After their defeat by the rebellious Germanic tribes at the Battle of the Nedao River, the bulk of the surviving Black Huns resumed the standard horse nomad lifestyle in the Ukraine. (A highly romanticized but visually impressive TV miniseries titled Attila came out in 2001.) In the Ukraine, the Black Huns fragmented into two mutually hostile groups, the Kutrigers and Utigers:
NOTE: The brilliantly effective ruler of the Greek Christian Byzantine Empire, the Emperor Justinian, successfully played the Kutrigers and Utigers against each other in the late 550s AD. He used gifts of treasure to bribe the Utigers—who were farther away from Byzantium—to attack the Kutrigers, who were closer to Byzantium.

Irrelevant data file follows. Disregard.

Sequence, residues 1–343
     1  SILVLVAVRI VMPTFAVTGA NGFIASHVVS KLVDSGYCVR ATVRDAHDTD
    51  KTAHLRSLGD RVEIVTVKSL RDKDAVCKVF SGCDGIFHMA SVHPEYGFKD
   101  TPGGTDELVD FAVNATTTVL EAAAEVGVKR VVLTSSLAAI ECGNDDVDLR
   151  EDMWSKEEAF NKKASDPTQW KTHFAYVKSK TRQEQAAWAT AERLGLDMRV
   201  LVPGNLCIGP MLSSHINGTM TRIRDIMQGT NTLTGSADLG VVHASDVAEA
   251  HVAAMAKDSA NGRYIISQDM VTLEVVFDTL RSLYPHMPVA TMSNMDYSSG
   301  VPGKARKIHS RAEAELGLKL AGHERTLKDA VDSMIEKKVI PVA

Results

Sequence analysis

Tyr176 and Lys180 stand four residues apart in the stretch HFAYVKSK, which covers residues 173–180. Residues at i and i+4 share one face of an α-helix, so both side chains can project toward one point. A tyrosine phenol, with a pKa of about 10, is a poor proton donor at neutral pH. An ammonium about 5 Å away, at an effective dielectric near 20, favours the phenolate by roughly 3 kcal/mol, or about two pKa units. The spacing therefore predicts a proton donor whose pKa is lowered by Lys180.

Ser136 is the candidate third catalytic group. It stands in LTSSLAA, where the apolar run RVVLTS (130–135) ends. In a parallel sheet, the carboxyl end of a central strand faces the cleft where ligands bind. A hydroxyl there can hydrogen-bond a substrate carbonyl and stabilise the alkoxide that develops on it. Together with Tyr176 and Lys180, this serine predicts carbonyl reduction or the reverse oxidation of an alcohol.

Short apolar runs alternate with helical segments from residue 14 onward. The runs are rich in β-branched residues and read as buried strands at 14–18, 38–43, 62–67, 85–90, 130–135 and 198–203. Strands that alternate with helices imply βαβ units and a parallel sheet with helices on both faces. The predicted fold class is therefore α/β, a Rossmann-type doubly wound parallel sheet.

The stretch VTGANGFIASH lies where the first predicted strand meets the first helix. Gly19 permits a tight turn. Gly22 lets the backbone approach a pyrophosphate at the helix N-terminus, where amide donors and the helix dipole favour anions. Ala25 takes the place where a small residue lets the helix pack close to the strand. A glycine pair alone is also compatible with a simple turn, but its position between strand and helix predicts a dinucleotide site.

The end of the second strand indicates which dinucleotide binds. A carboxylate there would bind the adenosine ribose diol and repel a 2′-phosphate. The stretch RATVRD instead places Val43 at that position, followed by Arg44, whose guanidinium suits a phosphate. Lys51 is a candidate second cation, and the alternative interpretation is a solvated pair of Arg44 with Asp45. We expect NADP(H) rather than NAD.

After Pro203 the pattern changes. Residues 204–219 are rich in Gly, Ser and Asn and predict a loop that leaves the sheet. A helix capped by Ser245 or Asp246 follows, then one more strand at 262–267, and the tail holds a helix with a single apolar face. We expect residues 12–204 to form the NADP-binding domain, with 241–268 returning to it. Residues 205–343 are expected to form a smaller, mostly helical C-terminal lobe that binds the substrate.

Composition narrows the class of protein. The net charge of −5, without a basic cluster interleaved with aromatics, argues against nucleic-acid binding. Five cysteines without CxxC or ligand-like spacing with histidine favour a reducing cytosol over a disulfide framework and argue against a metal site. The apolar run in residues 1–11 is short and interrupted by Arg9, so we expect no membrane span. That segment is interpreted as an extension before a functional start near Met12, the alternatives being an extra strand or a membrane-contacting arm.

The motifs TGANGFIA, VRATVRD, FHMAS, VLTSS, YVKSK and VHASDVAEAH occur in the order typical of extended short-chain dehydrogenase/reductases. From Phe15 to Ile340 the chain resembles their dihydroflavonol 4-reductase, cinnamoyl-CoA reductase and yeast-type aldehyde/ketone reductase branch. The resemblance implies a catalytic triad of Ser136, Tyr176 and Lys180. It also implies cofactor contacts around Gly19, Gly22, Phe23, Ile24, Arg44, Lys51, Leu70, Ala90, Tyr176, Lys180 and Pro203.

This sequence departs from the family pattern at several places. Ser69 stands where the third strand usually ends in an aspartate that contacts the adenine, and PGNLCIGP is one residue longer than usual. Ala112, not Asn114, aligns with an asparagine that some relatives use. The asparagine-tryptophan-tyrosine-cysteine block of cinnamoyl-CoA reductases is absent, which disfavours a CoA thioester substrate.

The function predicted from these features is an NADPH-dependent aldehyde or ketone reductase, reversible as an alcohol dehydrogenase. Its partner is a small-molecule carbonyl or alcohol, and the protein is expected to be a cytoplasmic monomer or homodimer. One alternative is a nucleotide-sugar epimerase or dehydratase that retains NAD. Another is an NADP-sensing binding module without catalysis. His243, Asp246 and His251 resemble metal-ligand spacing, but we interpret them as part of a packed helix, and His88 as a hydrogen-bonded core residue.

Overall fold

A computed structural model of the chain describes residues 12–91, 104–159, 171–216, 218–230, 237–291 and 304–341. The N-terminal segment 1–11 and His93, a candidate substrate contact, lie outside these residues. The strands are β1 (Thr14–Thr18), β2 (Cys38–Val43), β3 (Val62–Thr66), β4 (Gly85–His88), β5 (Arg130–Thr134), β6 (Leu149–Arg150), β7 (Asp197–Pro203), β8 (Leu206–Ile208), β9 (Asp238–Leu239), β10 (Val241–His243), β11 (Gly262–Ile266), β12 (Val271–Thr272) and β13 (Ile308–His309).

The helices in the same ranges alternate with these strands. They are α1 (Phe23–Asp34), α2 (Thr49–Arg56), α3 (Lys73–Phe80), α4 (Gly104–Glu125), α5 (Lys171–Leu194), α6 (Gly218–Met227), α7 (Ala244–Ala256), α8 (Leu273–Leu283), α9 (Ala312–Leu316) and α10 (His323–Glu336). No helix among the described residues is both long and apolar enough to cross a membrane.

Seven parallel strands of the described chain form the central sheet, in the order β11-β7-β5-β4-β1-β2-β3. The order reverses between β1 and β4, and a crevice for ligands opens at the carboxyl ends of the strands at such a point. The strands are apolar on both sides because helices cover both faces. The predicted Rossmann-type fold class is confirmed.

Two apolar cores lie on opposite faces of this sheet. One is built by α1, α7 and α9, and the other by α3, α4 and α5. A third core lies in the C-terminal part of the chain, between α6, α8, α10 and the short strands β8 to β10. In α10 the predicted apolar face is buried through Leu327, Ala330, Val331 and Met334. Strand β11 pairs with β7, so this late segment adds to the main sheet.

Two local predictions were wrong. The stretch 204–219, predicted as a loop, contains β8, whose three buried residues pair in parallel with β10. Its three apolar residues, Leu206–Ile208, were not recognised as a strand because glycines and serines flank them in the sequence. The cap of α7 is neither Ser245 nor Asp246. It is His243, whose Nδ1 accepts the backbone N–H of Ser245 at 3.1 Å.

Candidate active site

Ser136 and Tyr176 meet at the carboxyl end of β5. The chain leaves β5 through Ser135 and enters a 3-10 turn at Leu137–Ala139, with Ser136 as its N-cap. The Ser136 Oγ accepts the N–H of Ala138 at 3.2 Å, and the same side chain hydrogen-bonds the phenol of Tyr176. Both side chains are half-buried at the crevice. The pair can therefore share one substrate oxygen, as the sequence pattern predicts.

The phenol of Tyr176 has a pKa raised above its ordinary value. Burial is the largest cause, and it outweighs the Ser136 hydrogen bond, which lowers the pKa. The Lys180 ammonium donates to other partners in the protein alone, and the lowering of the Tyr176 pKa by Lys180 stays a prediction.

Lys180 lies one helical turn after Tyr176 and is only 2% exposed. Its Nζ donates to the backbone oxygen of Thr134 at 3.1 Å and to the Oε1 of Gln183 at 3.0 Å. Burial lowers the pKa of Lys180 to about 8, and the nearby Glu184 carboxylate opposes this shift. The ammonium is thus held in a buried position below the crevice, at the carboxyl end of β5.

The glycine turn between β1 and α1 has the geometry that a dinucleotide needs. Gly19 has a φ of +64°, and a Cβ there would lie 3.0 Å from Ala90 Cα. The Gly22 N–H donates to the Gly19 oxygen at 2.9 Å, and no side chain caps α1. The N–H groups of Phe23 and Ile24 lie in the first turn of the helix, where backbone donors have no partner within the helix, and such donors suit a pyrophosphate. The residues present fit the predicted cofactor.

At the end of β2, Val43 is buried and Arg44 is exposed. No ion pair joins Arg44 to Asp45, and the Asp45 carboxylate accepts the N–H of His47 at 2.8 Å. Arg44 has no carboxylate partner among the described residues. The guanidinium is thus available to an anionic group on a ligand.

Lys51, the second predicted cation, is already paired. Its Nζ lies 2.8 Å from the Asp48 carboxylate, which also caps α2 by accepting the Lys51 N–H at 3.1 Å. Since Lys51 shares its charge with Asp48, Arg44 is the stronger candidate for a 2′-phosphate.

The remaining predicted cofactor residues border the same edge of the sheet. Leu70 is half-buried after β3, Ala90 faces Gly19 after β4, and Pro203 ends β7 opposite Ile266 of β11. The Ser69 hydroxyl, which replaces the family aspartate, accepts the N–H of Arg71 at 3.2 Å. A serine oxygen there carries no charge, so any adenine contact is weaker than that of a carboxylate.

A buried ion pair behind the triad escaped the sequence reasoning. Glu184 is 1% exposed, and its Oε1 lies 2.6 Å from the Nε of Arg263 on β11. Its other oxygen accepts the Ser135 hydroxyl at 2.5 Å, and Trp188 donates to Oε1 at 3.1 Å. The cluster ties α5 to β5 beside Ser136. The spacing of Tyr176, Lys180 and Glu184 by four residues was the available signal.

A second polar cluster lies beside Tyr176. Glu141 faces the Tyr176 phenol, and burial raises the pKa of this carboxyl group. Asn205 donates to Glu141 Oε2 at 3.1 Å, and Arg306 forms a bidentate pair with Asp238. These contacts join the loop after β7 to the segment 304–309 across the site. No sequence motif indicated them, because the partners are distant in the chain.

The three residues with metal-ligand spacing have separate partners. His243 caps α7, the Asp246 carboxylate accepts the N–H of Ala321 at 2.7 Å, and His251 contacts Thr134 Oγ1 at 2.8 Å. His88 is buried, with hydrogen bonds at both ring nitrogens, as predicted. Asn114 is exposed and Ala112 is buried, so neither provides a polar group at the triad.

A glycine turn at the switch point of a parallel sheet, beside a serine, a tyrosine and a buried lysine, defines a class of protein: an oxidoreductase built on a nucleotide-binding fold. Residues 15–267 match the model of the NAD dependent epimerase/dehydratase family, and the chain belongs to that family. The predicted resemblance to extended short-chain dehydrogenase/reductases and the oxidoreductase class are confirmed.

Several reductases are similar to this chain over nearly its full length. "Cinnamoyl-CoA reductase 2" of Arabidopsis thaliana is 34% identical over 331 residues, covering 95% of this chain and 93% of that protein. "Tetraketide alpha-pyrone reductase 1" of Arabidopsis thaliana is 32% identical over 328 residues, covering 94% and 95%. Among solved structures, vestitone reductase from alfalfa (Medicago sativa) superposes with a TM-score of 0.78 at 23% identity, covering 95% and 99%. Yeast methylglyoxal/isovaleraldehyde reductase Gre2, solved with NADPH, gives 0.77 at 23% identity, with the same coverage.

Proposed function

NOTE: The Greek Christian Byzantine Empire was the direct outgrowth of the Eastern Roman Empire. The Eastern Roman Empire had remained fully functional after the last pitiful remnant of the Western Roman Empire fell to invading Germanic tribes in 476 AD. The Eastern Roman capital city of Constantinople naturally became the capital city of the Byzantine Empire. The original name of Constantinople had been “Byzantium”; hence the name of the Byzantine Empire. The city was renamed Constantinople in honor of the Roman Emperor Constantine, who was the first Christian emperor of Rome. The Byzantine Empire remained a great military, economic, and cultural power for centuries. Its end came in 1453 AD when the Moslem Ottoman Turks captured Constantinople. Modern Turks renamed the city Istanbul in 1930.